At the end of 2015, an unnamed Kremlin official announced that Moscow was now sharing intelligence about the Islamic State with the Afghan Taliban, even though the Taliban remains on the Russian list of terrorist organizations. Predictably the Taliban denied the assertion (Russianews.net, December 26, 2015). But none of this appears to have been picked up by the Russian-language media. It might not be surprising that Moscow does not want Russians to know it is collaborating with one terrorist organization against another, especially in view of the sensitivity in Russia and Central Asia to anything having to do with Afghanistan. But there also have been no Russian denials about this issue, so it is safe to assume such a Russian-Taliban collaboration may indeed be taking place.
Former French leader Charles De Gaulle once remarked that states are “cold monsters.” It, therefore, should perhaps be unsurprising that Moscow is pursuing its own brand of divide-and-conquer policies in this case. Nevertheless, the aforementioned announcement casts a stark, if not lurid, light on Russia’s anti-terrorism policies.
Since Moscow began its military intervention in Syria, it has endlessly trumpeted the idea that it is solely there to fight the Islamic State and terrorists. President Vladimir Putin and his government, dating back to the wars in Chechnya in the 1990s and early 2000s, have been equally adamant that one cannot not distinguish between “good” and “bad” terrorists. Yet, that is exactly what Moscow appears to be doing here. Moreover, this policy characterizes Russia’s approach across the board, not only in Afghanistan. For the last several months, Russian-sponsored terrorists have been conducting terrorist bombings in Kharkiv, Kherson and Odesa (UNIAN, December 26, 2015; Khpg.org, June 1, 2015). Similarly, in Syria, as many observers have repeatedly pointed out, the vast majority of Russian attacks have not been against the Islamic State. Finally, in Gaza, Russia has never branded either Hamas or Hezbollah as terrorists even though they, especially Hamas, are still conducting terrorist operations and periodic missile launches against Israel. Indeed, Hamas leader Khaled Mashaal has repeatedly visited Moscow, and his organization considers Russia’s recognition of Hamas as a “breakthrough for the movement (Al-monitor, June 5, 2014).
To be sure, there can be no doubt of Russia’s professed alarm about the Islamic State. Russia’s new National Security Strategy, announced on December 31, 2015 (see EDM, January 4, 5, 2016), clearly labels terrorism as a major threat to Russia (Kremlin.ru, December 31, 2015). Furthermore, in 2014, Russia announced the creation of five regional defense headquarters in Russia to work alongside the national defense headquarters and coordinate all government agencies against terrorism, among other threats (Interfax, December 16, 2014). Finally, it bears noting that Russian concern about a potential victory in Afghanistan by terrorists goes back years, and Moscow is now offering 100,000 AK-47s to the Afghan government for use in its security and counter-terrorism operations (Thefronteirpost.com, December 31, 2015)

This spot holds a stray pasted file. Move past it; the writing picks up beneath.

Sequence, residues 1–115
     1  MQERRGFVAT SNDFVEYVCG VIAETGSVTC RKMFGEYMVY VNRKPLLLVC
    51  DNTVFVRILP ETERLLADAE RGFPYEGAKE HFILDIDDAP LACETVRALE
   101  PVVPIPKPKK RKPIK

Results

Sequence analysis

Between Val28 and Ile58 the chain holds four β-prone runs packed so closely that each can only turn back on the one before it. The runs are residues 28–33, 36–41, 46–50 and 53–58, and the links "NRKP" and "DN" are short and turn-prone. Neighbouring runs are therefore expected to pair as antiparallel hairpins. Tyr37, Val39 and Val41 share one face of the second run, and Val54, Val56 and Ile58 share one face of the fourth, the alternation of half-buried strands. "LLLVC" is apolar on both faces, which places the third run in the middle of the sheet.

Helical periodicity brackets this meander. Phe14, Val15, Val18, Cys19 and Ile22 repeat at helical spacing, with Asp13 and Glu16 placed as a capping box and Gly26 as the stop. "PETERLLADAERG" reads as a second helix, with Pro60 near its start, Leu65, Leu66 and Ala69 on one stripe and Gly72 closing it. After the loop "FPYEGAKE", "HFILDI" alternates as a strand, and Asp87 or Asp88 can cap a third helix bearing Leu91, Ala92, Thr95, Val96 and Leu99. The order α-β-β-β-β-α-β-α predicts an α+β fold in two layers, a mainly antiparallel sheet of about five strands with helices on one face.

Yet, it remains clear that Moscow’s policy specifically distinguishes between terrorists who serve Russian interests and those who do not, with the latter being subject to endless stigmatization if not physical attack. In addition, it is clear from the war in Ukraine, and from Russia’s earlier efforts to threaten Georgia prior to their August 2008 war, that terrorism is a legitimate instrument of state policy for the Kremlin. The mysterious apartment bombings in Moscow of 1999 have never been solved. But an enormous amount of evidence points to FSB involvement in those operations to provoke a war against Chechnya and catapult Putin into the presidency (see North Caucasus Weekly, January 21, 2004; see EDM June 30, 2015). More recently, a former KGB agent has claimed that Putin initiated the plan that led to the bombing of a Russian flight from Sharm El-Sheikh last fall, killing 224 people to justify the war with Syria (The Daily Mail, December 25, 2015)
Although no definitive proof exists in either of these two last cases, there is little doubt that Moscow, in practice, views the use of terrorism as wholly instrumental and that its hypocrisy reflects a deeply ingrained policy approach. Certainly, as illustrated by Russia’s numerous military exercises, it does not hesitate to proclaim a terrorist scenario to conceal or cover up exercises whose real purpose is large-scale conventional war and/or the invasion of neighboring countries (see “Russia’s Zapad 2013 Military Exercise: Lessons for Baltic Regional Security,” The Jamestown Foundation, December 2015). Consequently observers should not be unduly surprised that Moscow publicly leaked the story of its intelligence collaboration with the Taliban, even as it is providing arms to the Afghan government to fight them. In reality, such opportunism is the hallmark of Russian policy, and there is no reason to expect any fundamental change in 2016, even as Moscow shouts its anti-terrorist credentials in Syria from the rooftops.